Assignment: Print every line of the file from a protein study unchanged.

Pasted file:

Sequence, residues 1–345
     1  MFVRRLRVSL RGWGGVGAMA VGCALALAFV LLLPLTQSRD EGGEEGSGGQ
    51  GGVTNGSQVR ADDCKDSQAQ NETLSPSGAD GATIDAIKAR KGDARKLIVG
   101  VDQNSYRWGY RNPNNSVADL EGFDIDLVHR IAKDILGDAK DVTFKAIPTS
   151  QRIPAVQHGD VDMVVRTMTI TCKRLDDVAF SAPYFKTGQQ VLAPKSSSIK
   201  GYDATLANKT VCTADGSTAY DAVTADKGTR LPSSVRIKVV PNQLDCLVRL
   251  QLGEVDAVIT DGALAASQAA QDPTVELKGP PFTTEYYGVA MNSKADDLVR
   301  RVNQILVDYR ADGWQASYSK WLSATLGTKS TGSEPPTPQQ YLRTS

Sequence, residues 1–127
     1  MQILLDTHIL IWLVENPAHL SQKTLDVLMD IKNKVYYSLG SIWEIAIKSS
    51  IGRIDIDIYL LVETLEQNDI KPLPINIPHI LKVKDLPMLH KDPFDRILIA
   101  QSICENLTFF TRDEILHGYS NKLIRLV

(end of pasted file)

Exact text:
Sequence, residues 1–345
     1  MFVRRLRVSL RGWGGVGAMA VGCALALAFV LLLPLTQSRD EGGEEGSGGQ
    51  GGVTNGSQVR ADDCKDSQAQ NETLSPSGAD GATIDAIKAR KGDARKLIVG
   101  VDQNSYRWGY RNPNNSVADL EGFDIDLVHR IAKDILGDAK DVTFKAIPTS
   151  QRIPAVQHGD VDMVVRTMTI TCKRLDDVAF SAPYFKTGQQ VLAPKSSSIK
   201  GYDATLANKT VCTADGSTAY DAVTADKGTR LPSSVRIKVV PNQLDCLVRL
   251  QLGEVDAVIT DGALAASQAA QDPTVELKGP PFTTEYYGVA MNSKADDLVR
   301  RVNQILVDYR ADGWQASYSK WLSATLGTKS TGSEPPTPQQ YLRTS

Sequence, residues 1–127
     1  MQILLDTHIL IWLVENPAHL SQKTLDVLMD IKNKVYYSLG SIWEIAIKSS
    51  IGRIDIDIYL LVETLEQNDI KPLPINIPHI LKVKDLPMLH KDPFDRILIA
   101  QSICENLTFF TRDEILHGYS NKLIRLV